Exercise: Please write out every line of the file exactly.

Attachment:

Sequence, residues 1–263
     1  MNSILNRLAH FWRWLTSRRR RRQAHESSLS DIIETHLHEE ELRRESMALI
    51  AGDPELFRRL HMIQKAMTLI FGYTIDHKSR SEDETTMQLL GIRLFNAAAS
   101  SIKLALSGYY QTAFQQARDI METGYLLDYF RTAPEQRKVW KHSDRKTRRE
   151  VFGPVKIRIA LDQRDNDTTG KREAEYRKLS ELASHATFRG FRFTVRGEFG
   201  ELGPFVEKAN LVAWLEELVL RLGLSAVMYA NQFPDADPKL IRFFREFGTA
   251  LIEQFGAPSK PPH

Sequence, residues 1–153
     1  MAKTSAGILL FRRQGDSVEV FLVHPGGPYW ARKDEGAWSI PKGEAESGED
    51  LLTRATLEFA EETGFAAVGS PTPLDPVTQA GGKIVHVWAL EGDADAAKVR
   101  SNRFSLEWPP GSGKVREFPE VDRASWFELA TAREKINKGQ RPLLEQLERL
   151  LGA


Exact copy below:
Sequence, residues 1–263
     1  MNSILNRLAH FWRWLTSRRR RRQAHESSLS DIIETHLHEE ELRRESMALI
    51  AGDPELFRRL HMIQKAMTLI FGYTIDHKSR SEDETTMQLL GIRLFNAAAS
   101  SIKLALSGYY QTAFQQARDI METGYLLDYF RTAPEQRKVW KHSDRKTRRE
   151  VFGPVKIRIA LDQRDNDTTG KREAEYRKLS ELASHATFRG FRFTVRGEFG
   201  ELGPFVEKAN LVAWLEELVL RLGLSAVMYA NQFPDADPKL IRFFREFGTA
   251  LIEQFGAPSK PPH

Sequence, residues 1–153
     1  MAKTSAGILL FRRQGDSVEV FLVHPGGPYW ARKDEGAWSI PKGEAESGED
    51  LLTRATLEFA EETGFAAVGS PTPLDPVTQA GGKIVHVWAL EGDADAAKVR
   101  SNRFSLEWPP GSGKVREFPE VDRASWFELA TAREKINKGQ RPLLEQLERL
   151  LGA